LONDON, June 7 (Reuters) - Daily spot trading volumes on the biggest currency trading platforms run by Thomson Reuters and ICAP continued to fall in May, extending a downward trend seen in recent months, according to figures the companies published.
Senior industry officials have cited uncertainty ahead of Britain’s vote on whether to stay in the European Union as one of the reasons for a recent drop in volumes and a drying up of liquidity. Daily volumes have also been hurt by regulatory changes that have crimped banks’ risk-taking ability, and by lower global trade flows.
Spot currency trading volume on TR platforms, the leader in Commonwealth currencies like sterling, Australia and New Zealand’s dollars , totalled $94 billion, down from $97 billion in April and nearly 15 percent lower than the $110 billion seen in May last year.
ICAP said daily volumes on its electronic platform EBS, where the bulk of the trades in the dollar, the yen and the euro are carried out, was down 21 percent in May from a year ago, at $75.7 billion.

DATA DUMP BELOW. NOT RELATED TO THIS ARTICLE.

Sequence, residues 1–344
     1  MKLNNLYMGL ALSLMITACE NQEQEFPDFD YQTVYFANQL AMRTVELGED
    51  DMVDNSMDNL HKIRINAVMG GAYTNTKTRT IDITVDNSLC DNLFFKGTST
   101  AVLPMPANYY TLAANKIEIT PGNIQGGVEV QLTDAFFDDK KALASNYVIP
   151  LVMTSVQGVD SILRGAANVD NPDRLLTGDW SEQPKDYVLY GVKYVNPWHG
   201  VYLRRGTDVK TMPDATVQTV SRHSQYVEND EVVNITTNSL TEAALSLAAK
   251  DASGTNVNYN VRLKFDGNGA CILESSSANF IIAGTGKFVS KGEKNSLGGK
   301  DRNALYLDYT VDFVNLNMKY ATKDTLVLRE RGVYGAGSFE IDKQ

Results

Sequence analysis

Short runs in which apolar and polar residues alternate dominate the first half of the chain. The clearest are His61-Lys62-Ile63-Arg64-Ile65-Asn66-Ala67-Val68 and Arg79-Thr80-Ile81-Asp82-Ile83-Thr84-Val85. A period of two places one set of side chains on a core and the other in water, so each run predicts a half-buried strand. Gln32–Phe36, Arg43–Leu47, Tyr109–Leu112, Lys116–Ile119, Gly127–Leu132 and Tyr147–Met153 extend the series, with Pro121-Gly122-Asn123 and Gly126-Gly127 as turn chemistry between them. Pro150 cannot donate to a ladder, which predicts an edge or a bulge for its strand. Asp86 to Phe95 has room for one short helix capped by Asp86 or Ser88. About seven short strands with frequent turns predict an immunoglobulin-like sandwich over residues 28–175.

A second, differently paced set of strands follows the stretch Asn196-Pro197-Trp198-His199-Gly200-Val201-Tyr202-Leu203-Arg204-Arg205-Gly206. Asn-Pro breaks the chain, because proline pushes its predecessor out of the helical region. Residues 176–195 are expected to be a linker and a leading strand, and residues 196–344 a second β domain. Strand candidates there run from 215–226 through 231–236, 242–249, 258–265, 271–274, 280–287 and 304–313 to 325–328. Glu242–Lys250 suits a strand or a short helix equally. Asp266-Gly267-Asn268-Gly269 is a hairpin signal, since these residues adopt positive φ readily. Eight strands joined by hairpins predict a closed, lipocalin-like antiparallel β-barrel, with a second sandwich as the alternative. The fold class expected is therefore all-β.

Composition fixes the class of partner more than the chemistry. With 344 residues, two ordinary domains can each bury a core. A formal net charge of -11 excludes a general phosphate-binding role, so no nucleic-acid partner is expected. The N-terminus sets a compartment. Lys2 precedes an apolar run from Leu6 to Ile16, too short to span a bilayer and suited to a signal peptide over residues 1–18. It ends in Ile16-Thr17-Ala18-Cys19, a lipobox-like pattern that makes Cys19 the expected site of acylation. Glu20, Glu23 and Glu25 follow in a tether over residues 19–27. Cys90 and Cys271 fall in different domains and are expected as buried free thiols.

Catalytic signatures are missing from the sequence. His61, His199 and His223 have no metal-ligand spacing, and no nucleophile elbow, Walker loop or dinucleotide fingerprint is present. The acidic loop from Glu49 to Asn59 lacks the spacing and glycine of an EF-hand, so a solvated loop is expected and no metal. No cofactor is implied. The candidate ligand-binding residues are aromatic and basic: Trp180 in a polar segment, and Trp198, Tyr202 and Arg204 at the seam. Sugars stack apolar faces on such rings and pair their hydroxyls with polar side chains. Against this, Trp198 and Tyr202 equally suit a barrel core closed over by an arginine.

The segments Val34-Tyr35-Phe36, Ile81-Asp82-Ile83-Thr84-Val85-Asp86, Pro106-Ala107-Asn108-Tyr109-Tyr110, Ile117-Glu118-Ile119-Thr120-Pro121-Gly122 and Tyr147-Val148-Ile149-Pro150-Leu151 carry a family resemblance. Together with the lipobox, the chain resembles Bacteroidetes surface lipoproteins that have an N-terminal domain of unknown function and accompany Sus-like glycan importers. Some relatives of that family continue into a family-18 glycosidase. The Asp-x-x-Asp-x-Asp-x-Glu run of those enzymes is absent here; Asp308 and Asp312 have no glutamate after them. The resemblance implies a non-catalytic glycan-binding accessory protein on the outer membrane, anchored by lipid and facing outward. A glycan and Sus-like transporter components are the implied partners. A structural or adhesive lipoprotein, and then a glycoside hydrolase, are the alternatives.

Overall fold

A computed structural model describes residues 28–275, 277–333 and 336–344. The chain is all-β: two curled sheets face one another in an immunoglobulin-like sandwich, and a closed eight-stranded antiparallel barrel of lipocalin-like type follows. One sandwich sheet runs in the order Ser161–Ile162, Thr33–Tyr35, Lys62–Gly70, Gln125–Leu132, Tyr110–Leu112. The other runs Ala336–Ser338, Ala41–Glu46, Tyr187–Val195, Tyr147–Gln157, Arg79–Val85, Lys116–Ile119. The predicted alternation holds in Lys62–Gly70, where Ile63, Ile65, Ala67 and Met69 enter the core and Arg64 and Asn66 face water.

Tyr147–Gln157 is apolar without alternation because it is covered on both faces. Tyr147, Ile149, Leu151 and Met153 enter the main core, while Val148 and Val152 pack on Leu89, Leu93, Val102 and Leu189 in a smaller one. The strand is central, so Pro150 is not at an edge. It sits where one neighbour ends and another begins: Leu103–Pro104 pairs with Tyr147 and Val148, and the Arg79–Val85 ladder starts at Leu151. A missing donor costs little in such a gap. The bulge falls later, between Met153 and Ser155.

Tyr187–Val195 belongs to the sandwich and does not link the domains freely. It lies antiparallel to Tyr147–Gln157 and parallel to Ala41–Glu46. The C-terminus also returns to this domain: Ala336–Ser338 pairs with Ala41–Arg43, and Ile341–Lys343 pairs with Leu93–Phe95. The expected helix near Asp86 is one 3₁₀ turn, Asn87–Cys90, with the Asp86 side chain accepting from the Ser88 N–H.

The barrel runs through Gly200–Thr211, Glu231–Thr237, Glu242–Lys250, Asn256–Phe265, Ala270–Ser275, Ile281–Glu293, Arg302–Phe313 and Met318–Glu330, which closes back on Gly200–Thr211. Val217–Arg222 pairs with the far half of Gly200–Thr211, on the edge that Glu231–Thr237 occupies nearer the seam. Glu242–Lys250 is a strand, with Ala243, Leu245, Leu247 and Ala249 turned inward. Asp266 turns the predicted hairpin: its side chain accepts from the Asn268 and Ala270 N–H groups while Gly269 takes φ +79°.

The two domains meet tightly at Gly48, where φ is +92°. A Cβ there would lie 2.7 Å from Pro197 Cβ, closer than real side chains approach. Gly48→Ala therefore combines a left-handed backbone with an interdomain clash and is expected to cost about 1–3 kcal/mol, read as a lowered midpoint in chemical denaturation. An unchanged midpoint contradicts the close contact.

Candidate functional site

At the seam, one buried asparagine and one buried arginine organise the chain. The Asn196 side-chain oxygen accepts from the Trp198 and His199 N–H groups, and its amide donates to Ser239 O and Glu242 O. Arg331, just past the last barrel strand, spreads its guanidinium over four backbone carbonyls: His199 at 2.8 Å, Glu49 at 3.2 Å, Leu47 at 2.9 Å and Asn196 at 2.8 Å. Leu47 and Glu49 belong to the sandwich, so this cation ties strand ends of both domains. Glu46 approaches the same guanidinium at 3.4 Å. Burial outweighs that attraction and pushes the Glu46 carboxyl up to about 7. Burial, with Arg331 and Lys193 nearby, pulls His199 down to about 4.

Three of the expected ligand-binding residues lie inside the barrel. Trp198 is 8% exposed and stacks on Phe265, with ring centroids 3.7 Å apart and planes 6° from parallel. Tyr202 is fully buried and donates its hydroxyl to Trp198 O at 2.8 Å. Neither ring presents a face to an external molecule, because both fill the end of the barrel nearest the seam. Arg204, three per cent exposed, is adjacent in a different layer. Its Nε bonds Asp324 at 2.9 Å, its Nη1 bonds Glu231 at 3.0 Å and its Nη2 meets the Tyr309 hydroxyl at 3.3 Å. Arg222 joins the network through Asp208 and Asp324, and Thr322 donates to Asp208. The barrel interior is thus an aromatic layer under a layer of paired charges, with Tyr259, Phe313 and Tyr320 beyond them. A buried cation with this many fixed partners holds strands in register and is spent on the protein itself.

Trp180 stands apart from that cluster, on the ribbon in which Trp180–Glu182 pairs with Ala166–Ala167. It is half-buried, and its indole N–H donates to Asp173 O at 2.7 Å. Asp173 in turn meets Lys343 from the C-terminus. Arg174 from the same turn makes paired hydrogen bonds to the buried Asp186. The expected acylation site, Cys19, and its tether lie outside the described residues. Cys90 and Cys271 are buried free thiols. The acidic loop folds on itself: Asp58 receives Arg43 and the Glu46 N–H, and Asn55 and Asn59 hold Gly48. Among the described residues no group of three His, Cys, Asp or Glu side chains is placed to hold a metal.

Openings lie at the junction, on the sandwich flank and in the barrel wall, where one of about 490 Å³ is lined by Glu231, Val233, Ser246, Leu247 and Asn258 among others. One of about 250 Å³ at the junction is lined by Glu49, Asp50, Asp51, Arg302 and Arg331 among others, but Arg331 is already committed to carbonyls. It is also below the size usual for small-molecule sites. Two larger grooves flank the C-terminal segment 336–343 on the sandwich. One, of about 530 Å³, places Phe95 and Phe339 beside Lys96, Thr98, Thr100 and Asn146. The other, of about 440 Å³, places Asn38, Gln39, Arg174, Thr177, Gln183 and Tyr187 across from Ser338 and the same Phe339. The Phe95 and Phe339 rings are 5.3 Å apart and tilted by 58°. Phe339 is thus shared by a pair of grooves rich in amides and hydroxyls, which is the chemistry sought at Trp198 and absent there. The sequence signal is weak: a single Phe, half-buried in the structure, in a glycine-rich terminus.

Total foreign exchange trading volume across TR platforms, including forwards, swaps, options and non-deliverable forwards (NDFs), fell to $347 billion a day from $353 billion in the same month last year. On the month, total volumes were also lower.
The electronic currency-trading platforms are hoping volumes will pick up after Britain’s vote on the EU on June 23, and history suggests that could happen. Volumes rebounded after a September 2014 referendum on independence for Scotland, amid sharp price swings and palpable relief that the vote was out of the way.
More volatility usually boosts volumes, boding well for banks and traders who make money during sharp moves. Six months after the Scottish referendum, volumes peaked at $5.4 trillion a day following the Swiss National Bank’s sudden removal of its cap on the Swiss franc in January 2015, up from $4.9 trillion. (Reporting by Anirban Nag)